BLAC3011The surrounding country side is in the grip of drought, but permanent springs keep the creeks and waterholes in the gorge full of water.

BLAC3045Strange textured fungus.

BLAC3083After a few days exploring Carnarvon Gorge we looped around to the North and came back into the western end of the Carnarvon Ranges at Salvator Rosa. The access roads quickly become impassable as soon as rain falls. With no prediction of rain we were confused heading into this looming black sky. It turned out to be a mixture of suspended dust and smoke from nearby fires. It made for an amazing orange light as the sun set.

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BLAC3126Exploring some of the tracks around Salvator Rosa was hard peddling in the sand and bulldust, but a lot of fun.

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BLAC3127The fine bulldust mixed with coarse sand make this kangaroo’s footprint so detailed you can even see the texture of the pads on his foot.

arts centerWe left Salvator Rosa and headed via Tambo to Blackall where we stayed in the Living Arts Centre for the workshop.

The Living Arts Centre was formerly a hostel for school students from the outlying stations. Students now attend boarding schools in the city, so the premises has been converted to accommodation and studios.

DSC07191The studios are spacious and filled with light. Our painting was punctuated by excursions to numerous places of interest around Blackall. We visited “Alice Downs” where Jacky Howe broke the record for blade shearing – 321 sheep in 7 hours and 20 minutes back in 1892. The record still stands today. We enjoyed great meals supplied by the “Marmaladies” from Blackall and also dined at a number of restaurants around the town, including a memorable feast, slow cooked in a wood stove at the wool scour.

BLAC3201Another local hero was Roy Dunne, who jumped his goat, Nugget, over a 3’6″ bar in 1905 – another world record feat.

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BLAC3194Mustering cattle for the Thursday cattle sale in Blackall.

 

BLAC3185Long neglected fuel pump.

BLAC3296xStu Benson first drove cattle at the age of 12 and has been a proud Blackall resident all his life. His stories of the town and knowledge of the area are captivating.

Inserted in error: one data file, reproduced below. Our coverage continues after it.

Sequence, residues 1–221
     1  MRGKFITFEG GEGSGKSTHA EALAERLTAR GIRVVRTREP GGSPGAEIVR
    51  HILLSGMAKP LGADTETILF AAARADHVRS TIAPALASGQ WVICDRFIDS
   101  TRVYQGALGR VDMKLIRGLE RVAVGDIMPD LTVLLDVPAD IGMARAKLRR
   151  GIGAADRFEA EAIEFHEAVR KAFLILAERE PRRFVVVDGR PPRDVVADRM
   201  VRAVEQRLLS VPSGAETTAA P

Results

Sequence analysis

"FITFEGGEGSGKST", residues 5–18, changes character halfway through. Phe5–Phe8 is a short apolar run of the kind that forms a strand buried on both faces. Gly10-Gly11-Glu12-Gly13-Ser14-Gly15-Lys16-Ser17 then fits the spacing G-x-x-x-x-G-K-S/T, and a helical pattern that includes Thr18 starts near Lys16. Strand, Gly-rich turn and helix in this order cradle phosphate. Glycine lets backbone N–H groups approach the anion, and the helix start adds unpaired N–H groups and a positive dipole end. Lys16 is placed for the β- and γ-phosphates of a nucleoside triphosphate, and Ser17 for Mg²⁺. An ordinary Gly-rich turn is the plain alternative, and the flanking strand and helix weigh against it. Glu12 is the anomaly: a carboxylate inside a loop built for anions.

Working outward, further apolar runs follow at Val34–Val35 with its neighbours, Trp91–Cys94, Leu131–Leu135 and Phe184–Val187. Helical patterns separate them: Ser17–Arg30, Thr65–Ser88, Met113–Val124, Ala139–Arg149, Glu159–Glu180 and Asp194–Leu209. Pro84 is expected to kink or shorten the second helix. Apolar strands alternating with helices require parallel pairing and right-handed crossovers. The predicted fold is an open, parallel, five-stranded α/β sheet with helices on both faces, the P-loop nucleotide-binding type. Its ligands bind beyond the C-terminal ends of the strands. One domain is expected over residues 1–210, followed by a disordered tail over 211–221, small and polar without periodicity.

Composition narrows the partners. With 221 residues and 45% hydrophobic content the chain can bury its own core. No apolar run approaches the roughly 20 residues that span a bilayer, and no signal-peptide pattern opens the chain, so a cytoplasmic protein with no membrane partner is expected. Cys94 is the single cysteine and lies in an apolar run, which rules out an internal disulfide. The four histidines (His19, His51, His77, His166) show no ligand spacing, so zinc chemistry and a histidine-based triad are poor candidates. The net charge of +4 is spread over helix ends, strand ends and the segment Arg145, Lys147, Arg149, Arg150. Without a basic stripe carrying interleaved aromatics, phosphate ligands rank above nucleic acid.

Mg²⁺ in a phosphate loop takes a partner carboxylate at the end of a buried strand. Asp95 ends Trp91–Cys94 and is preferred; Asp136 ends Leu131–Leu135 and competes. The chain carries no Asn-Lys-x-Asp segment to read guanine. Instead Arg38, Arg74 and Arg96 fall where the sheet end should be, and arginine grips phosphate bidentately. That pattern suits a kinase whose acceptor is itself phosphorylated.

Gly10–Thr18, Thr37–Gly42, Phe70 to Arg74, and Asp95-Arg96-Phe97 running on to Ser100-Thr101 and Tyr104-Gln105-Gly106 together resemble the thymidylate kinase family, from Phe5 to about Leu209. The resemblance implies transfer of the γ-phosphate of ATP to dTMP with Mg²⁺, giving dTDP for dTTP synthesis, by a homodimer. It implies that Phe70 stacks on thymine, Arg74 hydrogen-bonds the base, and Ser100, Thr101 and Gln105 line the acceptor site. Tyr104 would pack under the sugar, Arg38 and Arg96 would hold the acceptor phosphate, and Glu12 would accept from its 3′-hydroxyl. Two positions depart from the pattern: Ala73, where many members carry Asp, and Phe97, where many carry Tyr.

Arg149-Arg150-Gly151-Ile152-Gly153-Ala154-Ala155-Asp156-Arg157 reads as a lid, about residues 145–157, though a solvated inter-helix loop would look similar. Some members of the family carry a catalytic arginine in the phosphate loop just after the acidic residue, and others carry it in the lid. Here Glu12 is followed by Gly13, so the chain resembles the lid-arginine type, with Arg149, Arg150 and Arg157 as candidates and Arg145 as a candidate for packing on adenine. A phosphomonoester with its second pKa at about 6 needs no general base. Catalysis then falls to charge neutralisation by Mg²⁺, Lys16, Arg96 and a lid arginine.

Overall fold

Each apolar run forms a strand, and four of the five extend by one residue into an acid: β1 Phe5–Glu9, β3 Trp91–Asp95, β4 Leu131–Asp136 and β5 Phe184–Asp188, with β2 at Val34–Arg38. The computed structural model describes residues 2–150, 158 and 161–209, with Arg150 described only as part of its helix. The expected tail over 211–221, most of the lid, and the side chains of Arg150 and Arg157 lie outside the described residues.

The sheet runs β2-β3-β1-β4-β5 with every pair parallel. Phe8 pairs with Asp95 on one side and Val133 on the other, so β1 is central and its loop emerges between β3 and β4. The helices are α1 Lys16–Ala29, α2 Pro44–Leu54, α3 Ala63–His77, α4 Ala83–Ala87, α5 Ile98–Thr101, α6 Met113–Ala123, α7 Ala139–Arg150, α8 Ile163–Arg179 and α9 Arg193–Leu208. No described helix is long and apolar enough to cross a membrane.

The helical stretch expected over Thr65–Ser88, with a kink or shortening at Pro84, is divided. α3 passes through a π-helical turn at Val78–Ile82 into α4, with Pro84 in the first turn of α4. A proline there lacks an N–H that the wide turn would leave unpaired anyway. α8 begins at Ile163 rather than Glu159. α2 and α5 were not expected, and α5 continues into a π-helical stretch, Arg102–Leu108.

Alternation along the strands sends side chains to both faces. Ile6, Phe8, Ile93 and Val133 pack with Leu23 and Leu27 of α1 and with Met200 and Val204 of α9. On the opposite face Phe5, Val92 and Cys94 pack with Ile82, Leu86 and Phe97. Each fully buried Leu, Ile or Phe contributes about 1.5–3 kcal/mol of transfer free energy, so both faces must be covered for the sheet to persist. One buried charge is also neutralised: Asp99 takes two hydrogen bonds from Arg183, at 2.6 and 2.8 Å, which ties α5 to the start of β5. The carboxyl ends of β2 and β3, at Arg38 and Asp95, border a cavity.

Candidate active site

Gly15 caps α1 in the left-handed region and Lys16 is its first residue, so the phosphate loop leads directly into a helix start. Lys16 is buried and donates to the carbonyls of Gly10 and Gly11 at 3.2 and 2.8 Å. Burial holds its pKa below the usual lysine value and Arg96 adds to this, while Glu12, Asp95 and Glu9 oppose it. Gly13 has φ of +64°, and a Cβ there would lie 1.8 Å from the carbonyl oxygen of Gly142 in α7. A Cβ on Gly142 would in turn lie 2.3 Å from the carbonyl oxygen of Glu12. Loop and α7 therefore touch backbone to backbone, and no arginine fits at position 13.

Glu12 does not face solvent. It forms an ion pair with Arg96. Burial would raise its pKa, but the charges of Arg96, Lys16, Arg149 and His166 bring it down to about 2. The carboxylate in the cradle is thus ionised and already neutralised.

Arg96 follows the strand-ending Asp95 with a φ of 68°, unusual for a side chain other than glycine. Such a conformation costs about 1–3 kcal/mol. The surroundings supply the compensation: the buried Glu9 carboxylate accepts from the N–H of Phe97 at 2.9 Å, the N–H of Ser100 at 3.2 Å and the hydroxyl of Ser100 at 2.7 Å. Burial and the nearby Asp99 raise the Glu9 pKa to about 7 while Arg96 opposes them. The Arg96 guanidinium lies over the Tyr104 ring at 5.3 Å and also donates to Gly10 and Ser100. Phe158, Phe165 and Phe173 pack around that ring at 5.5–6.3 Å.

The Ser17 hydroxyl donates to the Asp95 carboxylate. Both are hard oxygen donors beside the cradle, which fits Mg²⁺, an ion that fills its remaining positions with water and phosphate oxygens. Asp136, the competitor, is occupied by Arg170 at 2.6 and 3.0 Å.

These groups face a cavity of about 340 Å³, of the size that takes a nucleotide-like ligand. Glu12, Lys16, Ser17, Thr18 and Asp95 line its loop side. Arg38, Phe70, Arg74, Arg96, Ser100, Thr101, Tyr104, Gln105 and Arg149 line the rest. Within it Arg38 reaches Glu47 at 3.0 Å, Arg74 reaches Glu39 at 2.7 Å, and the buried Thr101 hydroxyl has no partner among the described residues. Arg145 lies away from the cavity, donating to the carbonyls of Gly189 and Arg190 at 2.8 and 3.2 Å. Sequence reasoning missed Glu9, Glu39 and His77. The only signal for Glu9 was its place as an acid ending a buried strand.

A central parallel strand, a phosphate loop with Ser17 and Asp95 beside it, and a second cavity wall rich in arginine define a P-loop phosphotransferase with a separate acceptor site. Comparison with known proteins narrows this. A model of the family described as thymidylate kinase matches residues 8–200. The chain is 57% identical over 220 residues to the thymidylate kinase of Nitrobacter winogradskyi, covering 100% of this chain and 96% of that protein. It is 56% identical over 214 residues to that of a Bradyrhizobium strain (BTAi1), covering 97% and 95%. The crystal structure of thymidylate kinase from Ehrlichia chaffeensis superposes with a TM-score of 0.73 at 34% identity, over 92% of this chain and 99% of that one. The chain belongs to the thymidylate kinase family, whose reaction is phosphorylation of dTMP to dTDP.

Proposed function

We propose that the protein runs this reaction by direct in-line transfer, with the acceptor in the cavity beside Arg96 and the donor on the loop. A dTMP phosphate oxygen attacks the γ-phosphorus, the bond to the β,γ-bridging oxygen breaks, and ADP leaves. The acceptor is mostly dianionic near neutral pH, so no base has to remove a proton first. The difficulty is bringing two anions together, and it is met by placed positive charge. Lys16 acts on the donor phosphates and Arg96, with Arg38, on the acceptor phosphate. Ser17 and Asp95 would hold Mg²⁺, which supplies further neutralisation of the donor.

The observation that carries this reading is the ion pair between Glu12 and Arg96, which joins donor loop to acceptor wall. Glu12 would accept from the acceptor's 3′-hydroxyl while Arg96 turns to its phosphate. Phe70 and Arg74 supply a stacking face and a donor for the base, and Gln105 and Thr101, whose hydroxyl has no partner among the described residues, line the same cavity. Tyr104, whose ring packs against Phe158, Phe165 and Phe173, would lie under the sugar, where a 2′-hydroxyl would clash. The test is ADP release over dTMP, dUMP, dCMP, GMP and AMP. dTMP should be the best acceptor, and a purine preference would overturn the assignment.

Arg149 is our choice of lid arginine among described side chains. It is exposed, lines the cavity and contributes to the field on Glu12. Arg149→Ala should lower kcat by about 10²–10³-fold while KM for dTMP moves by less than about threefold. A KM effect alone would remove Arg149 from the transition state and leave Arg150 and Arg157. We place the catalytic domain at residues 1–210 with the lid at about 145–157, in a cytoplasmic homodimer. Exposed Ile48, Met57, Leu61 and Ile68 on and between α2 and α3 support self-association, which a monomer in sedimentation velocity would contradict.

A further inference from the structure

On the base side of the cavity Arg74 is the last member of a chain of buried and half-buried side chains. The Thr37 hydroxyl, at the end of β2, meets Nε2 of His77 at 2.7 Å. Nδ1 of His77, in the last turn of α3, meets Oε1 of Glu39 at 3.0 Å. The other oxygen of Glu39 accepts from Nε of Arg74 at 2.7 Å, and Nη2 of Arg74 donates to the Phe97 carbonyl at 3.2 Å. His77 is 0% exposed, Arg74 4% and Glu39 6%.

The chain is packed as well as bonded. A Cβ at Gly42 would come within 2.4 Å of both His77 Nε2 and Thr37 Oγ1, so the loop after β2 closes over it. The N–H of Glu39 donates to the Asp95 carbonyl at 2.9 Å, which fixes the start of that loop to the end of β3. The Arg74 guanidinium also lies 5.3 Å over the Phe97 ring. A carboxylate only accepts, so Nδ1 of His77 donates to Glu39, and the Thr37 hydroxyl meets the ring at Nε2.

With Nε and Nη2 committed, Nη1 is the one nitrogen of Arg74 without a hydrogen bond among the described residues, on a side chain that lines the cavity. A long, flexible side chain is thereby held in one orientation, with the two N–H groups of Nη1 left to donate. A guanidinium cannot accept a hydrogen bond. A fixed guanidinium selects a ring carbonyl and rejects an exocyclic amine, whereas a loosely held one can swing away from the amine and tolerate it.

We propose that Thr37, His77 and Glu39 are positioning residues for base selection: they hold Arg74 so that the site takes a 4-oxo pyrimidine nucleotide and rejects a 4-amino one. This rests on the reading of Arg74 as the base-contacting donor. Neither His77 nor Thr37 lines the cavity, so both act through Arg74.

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BLAC3407xHypnotic local goats.

BLAC3453Blackall wool scour – amazing steam driven chaos brought back to life.
Many thanks to Sally Campbell and her enthusiastic helpers for a fantastic workshop in Blackall.

 

EASTERN MACDONNELLS

Our plan was to buy fuel at Gemtree at the end of the Plenty Highway then head directly down into the Eastern Macdonnell Ranges via the cattle water pass. Unfortunately, Gemtree was out of diesel so we had to continue on to Alice Springs then head out to the Eastern Macdonnells.

Our first stop was Emily Gap – a small gorge and waterhole cutting through the range. The Aboriginal rock art here is unusual and very spectacular.

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Down the end of a rough track are the John Hayes Rock Holes. We were lucky to be the only ones camped here, so enjoyed a quiet walk over the ridge and down through the chain of rock pools. The rough track means this area is much quieter than nearby Trephina Gorge

Traveling to the eastern extremity of the Macdonnells you come to Ruby Gap. The track for the last 40 km is pretty slow going at around 3 hours, but Ruby Gap and the walk up to Glen Annie Gorge make the trek worth while.

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Ruby Gap

We managed to find a 4km detour on our way up to Glen Annie Gorge

Glen Annie Gorge

After a 12km walk,  mostly in soft river sand, we were happy to be heading back to our camp.